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Minecraft: The Next Bubble Shooter?

A new craze has swept the world. Originally released May 17th, 2009, Minecraft has become a internet phenomenon. There is a free “Classic” version of the game, as well as a “Beta” version that currently costs 14.95 Euros ($20.66). The game is simple to understand: Everything in the game world is made of equal sized blocks, and the game is played from a first-person perspective. In the “Classic” version, the player is able to freely create and destroy as many blocks as he wants with a left or right click of the mouse, and there is no danger of death from enemies or the environment. In the “Beta” version, the player has to collect resources to create tools and blocks,  and is in danger of being attacked by enemies or dying from falling, lava, and drowning.

But is this game good enough to replace Bubble Shooter, one of the most addicting time-wasting games that students are playing, as the dominant time-waster?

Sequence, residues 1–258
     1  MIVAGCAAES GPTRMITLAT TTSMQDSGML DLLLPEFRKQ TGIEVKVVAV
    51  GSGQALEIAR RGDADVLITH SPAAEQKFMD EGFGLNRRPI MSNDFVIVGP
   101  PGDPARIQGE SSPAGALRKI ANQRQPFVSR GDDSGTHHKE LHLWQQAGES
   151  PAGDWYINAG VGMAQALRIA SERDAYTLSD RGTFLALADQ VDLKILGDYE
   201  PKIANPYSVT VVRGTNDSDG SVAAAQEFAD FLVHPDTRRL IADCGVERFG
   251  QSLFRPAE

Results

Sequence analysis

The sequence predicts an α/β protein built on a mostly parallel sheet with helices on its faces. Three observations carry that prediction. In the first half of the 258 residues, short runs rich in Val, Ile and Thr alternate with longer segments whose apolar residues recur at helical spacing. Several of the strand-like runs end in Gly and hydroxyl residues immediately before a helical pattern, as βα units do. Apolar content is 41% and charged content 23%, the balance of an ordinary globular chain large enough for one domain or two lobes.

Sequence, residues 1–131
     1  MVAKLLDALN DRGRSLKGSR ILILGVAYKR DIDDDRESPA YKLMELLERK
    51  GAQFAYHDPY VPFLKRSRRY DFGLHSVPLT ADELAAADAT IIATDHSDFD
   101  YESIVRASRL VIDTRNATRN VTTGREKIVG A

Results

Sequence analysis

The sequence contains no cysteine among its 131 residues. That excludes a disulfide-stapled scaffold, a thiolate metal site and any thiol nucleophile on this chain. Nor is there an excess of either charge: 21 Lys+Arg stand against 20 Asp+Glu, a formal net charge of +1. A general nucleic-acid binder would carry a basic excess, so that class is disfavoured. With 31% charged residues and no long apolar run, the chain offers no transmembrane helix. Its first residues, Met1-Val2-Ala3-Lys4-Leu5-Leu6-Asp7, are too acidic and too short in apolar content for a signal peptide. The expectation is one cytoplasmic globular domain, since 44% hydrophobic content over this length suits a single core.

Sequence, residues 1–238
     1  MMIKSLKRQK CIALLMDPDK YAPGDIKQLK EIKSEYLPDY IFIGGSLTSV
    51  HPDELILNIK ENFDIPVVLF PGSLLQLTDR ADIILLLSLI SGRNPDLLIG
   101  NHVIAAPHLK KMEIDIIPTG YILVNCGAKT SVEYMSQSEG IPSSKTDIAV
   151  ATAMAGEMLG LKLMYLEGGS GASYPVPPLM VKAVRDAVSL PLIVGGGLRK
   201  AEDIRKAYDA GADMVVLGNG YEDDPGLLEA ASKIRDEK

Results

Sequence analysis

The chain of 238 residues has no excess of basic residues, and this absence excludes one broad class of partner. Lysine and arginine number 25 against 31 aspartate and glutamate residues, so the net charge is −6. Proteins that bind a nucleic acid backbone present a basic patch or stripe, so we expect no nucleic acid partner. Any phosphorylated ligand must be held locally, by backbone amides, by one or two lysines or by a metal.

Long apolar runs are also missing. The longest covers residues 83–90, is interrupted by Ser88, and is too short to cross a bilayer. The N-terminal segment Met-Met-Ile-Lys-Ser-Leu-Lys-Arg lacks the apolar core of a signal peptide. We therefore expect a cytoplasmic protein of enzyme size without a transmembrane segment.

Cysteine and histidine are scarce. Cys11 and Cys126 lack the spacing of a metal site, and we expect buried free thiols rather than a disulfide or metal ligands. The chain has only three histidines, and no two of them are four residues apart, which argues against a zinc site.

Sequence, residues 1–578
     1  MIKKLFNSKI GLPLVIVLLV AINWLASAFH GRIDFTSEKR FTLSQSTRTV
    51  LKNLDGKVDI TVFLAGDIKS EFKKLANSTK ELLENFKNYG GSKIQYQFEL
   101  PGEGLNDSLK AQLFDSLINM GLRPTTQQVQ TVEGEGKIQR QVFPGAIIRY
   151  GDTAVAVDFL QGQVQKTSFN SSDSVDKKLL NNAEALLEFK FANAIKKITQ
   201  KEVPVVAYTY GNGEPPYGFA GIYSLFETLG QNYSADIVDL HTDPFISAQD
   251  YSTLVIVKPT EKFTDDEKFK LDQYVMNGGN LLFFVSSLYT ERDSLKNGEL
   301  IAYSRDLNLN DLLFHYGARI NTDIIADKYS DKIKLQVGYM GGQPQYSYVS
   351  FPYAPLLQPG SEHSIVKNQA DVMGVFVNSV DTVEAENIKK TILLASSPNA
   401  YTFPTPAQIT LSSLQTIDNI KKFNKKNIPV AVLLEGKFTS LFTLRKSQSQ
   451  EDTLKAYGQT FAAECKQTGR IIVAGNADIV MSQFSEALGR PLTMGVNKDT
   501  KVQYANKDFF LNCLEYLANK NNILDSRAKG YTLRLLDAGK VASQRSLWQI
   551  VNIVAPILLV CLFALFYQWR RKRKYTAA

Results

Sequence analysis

“Minecraft challenges you to be creative, while bubble shooter is just shooting bubbles,” says Senior Dalton Lammers, one of many students addicted to Minecraft, “It’s fun to take time and see how limitless your imagination actually is.”

Bubble Shooter is a game everyone knows, so there’s no need to explain it here.  Plenty of students spend there time on school computers playing this game instead of doing there work.

“I started playing about 3 months ago, but I prefer to play it in my Ipod,” says Junior Becca Skelly, one of many students already addicted to Bubble Shooter, “I play it any chance I can get. I play it 30 minutes before I go to sleep, every day.”

Minecraft is a unique game. There is only one goal in the “Classic” version: Create. There is only one rule in the “Beta” version: Survive.

If Minecraft will ascend to the level of addictiveness that Bubble Shooter has achieved is up to debate, but considering how easy it is to learn how to play, we won’t have to wait too long to find out.

Journalism

Articles written by Journalism are stories that have been written by members of the the Journalism classes at Buffalo High School. Follow The Hoofprint on Twitter to get more articles by the Journalism class

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